Groups Come Together for Opiate Drug Forum in Derry

Several local organizations joined forces to host a forum titled “Our Children and the Opiate Crisis,” with more than 100 residents attending.

The forum took place Wednesday evening, Oct.  7, at the Boys and Girls Club of Greater Derry.

Governor Maggie Hassan, one of the keynote speakers, discussed the need to continue to approach this issue from all sides. She cited funding that has been received to help local law enforcement partner with the New Hampshire State Police, mentioned new treatment facilities opening to begin to increase the state’s capacity to serve residents, and noted the need for the legislature to approve Medicaid expansion beyond 2017 so that rehabilitation services could be covered and providers could expand services with the confidence that payment would be available. And she reinforced the need for awareness and prevention programs like the Partnership for a Drug Free New Hampshire’s Check the Stats campaign, as well as prevention and education efforts going on around the state at events such as this one.

Laurie Warnock, education coordinator for the New England Poison Center, spoke about how youngsters, especially young athletes, can take prescription drugs for an injury and then go on from using them to handle pain to using them for fun.

After marijuana, prescription and over-the-counter medications account for most of the top drugs abused by 12th graders in the past year, she noted. On the street they find cheaper alternatives such as heroin and heroin laced with fentanyl.

Warnock said New Hampshire had 325 heroin deaths in 2014. No one starts with heroin, she said, but noted it is cheaper and easier to get than prescription drugs, and the dangers escalate when heroin has been laced with fentanyl.

There is no “typical” user, she said. And while treatment works, access to treatment may be limited, with families or individuals having difficulty finding the right program at the right time.

“Drug abuse is a lifelong battle,” she said. “Finding a living environment conducive to sobriety can be a challenge.”

Warnock also discussed Narcan (Naloxone), saying this drug can be given as an IV, inter-muscularly, or intranasal and works quickly to block the opioid receptors in the brain. She cited two new New Hampshire laws, HB 270 and HB 271 – the first providing immunity from criminal prosecution to a person who reports a drug-related emergency and the second providing Narcan for public use by allowing a health professional to prescribe it to a person at risk of experiencing an overdose, and to allow it to be given to a family member, friend, or other person in a position to assist a person experiencing an opioid-related overdose.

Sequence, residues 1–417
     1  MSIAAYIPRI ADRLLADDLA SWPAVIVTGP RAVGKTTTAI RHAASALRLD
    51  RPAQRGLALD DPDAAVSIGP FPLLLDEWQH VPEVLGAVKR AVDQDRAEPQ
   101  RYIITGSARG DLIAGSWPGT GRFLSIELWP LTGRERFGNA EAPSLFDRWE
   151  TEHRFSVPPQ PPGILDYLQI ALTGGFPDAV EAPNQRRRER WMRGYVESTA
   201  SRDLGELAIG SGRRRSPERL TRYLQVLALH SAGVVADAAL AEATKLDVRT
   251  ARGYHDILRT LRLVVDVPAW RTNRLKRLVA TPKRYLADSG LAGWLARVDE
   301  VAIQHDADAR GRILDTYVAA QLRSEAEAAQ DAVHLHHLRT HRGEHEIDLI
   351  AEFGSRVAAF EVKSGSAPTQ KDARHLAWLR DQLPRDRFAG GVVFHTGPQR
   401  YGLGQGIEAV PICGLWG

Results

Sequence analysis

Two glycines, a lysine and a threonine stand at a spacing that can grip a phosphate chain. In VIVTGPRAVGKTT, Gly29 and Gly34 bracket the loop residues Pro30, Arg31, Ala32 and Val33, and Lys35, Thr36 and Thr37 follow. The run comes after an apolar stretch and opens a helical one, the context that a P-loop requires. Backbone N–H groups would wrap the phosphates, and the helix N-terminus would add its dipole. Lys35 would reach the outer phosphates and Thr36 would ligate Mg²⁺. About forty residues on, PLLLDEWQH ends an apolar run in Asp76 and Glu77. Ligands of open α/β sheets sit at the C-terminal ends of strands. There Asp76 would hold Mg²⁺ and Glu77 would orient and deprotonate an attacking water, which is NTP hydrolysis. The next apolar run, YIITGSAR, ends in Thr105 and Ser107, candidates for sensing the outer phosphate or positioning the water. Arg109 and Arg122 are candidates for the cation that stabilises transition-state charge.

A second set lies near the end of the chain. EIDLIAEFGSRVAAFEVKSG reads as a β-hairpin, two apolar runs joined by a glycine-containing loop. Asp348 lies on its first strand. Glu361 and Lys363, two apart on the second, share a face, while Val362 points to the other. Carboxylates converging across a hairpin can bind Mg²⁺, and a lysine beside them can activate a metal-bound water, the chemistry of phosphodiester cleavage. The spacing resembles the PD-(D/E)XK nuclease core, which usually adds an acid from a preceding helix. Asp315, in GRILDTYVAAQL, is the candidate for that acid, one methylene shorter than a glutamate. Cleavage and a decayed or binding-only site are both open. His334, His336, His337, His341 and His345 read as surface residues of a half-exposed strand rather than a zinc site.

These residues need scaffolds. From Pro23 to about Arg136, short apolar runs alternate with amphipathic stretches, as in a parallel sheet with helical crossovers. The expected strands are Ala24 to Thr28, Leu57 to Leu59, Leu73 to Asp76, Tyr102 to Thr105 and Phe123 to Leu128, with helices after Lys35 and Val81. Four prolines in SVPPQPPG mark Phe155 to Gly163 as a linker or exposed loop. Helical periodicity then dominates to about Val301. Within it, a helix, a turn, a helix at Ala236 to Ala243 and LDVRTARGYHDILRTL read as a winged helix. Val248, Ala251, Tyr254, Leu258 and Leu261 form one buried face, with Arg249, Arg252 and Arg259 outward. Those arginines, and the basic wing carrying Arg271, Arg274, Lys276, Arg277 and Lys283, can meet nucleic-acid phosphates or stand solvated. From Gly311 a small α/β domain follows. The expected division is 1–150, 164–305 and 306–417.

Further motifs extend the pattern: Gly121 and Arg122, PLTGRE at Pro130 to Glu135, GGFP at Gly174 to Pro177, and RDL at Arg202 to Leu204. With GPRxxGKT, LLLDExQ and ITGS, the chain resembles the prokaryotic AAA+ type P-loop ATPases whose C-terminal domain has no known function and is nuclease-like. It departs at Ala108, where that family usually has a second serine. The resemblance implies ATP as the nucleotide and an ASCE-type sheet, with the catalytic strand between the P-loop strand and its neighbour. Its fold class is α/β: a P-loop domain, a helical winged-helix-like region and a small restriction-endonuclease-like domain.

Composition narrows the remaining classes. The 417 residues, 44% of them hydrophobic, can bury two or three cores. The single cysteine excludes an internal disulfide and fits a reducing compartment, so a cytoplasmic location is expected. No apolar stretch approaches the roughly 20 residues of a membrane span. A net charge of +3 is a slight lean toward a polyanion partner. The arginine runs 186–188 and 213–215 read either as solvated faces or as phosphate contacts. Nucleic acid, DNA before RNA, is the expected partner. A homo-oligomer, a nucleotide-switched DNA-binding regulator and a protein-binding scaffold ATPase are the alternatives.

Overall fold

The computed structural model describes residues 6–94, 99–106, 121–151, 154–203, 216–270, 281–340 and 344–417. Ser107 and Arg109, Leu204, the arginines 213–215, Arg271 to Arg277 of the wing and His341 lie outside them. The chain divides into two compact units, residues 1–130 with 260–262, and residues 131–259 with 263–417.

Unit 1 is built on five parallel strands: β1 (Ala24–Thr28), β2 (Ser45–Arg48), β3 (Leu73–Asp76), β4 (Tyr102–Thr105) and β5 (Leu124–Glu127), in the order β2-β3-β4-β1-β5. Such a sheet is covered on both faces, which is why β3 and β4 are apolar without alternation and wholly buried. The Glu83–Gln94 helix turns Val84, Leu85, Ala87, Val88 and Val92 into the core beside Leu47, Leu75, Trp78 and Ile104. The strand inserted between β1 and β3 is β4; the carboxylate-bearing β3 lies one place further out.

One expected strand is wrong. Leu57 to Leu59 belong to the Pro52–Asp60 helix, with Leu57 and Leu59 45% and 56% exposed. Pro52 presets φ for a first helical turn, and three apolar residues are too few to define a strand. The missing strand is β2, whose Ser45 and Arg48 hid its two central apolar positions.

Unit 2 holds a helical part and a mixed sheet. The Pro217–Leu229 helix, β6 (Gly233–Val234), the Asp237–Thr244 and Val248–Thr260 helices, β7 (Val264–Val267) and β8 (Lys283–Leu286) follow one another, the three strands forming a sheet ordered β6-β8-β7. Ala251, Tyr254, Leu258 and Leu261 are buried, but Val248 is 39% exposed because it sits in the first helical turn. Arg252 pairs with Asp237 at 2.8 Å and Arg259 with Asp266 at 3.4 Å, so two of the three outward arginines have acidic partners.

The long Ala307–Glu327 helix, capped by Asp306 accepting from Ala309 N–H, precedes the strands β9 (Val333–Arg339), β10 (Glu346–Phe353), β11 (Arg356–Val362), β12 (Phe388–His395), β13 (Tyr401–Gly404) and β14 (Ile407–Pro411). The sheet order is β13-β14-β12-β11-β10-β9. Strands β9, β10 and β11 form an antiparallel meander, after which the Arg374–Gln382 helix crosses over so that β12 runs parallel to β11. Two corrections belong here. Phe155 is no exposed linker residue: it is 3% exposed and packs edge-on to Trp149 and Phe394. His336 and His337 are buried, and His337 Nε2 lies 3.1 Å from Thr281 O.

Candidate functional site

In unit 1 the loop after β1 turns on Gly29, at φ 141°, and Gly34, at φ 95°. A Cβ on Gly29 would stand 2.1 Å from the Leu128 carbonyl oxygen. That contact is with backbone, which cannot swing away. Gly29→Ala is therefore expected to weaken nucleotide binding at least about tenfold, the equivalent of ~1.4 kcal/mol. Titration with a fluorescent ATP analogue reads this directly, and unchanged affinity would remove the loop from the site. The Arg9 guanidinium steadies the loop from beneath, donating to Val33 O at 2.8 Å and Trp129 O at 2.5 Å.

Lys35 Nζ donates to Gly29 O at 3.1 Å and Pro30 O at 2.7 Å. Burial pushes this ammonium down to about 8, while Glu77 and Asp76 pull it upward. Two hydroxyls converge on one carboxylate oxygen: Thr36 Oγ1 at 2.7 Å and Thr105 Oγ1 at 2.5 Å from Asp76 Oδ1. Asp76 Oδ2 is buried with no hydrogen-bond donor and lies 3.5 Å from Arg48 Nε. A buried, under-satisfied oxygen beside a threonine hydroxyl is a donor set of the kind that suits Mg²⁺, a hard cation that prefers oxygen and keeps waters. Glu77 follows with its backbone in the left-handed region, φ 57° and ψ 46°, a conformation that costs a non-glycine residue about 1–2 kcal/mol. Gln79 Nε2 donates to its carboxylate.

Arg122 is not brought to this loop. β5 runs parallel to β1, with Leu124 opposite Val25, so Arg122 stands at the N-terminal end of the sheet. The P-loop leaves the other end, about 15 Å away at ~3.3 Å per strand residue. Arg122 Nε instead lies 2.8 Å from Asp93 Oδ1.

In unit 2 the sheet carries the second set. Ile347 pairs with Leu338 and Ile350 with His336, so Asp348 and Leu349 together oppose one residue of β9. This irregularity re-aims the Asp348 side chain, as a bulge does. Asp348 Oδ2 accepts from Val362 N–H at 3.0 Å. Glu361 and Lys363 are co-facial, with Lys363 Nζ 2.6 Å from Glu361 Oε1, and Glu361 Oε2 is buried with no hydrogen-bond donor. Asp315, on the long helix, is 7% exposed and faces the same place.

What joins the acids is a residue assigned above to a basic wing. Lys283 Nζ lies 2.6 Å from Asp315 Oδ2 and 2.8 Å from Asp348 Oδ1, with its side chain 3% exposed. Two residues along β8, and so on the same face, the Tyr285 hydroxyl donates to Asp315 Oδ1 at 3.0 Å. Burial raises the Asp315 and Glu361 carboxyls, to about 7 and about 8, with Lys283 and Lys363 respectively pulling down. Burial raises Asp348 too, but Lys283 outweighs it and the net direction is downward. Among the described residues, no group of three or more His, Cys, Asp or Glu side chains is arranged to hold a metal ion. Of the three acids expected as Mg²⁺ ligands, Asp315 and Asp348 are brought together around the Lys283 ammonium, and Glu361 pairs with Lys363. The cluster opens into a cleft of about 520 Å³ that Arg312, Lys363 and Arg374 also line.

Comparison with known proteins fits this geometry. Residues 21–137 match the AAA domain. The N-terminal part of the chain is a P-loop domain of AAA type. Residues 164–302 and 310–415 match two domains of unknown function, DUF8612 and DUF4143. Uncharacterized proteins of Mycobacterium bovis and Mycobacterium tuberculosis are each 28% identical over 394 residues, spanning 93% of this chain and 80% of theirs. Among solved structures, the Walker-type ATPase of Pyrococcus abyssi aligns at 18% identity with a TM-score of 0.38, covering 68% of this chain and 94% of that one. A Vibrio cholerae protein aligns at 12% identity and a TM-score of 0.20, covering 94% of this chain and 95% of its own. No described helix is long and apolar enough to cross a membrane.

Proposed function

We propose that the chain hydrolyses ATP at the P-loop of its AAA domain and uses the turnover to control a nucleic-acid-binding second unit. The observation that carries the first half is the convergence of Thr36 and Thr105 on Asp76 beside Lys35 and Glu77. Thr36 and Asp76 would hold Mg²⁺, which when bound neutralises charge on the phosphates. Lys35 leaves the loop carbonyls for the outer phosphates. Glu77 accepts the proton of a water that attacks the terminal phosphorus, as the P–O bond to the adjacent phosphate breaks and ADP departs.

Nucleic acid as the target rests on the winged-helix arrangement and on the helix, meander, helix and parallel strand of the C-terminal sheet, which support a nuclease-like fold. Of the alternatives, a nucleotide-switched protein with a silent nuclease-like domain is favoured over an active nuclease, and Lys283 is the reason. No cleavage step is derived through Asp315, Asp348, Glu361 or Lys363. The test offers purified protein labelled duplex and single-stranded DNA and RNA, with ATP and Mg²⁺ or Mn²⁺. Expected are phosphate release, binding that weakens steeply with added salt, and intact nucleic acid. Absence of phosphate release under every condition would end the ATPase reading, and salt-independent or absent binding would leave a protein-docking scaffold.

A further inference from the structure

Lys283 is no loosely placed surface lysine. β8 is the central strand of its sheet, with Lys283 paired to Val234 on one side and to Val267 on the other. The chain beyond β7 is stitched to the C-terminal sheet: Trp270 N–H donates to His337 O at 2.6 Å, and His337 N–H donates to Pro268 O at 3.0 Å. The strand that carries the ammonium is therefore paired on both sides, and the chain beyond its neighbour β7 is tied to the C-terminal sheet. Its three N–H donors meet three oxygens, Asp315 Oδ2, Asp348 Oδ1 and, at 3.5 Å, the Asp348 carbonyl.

The dangers of smoking and using e-cigarettes were also discussed by Warnock. She said e-cigarette use among teens has tripled from 2013 to 2014 and studies indicate those using e-cigarettes are almost twice as likely to have intentions to smoke conventional cigarettes.

She told the audience that studies indicate that almost two-thirds of high school seniors don’t view regular use of marijuana as harmful, almost double the number 20 years ago. She warned that much of the e-cigarette and synthetic marijuana – aka spice or K2 – and things such as bath salts – can be learned about on the Internet and come in many forms, and described what parents should be looking for. She also discussed Molly, the new street name for the drug Ecstasy, a synthetic stimulant/hallucinogenic.

Warnock listed warning signs parents should be aware of: missing prescription drugs, borrowing or missing money, sudden change of friends, secrecy about activities, decline in quality of work and increase in school absences, poor appearance and hygiene, use of incense or odor neutralizers or perfume, evidence of pipes and rolling papers and baggies, and empty cough syrup containers, aerosols, spray air with bags or rags.

Warnock reminded the audience about the drug disposal offered at local police stations on Take Back Days and said if that is unavailable, people should remove drugs from the original containers and mix them with used coffee grounds or kitty litter and seal them securely in a plastic bag placed in household trash. She cautioned against flushing them down the toilet.

A panel discussion and question and answer period followed the keynote speakers.

Sponsors of the forum included the Boys and Girls Club of Greater Derry, Parkland Medical Center, Community Alliance for Teen Safety (CATS), Pinkerton Academy, Center for Life Management, Greater Derry Public Health Network, and The Partnership for a Drug Free New Hampshire.

The panel discussion included Dr. Patti Shea, Director of Clinical Operations at Hampstead Hospital; Dr. Chris Peterson, Chief of Pediatrics at Parkland Medical Center; Lila Mazzola, a local parent; Susan McKeown, Family Support Coordinator for the New Hampshire Children’s Behavioral Health Collaborative; and, Pam Santa Fe, Substance Misuse Prevention Coordinator for the Greater Derry Regional Public Health Network.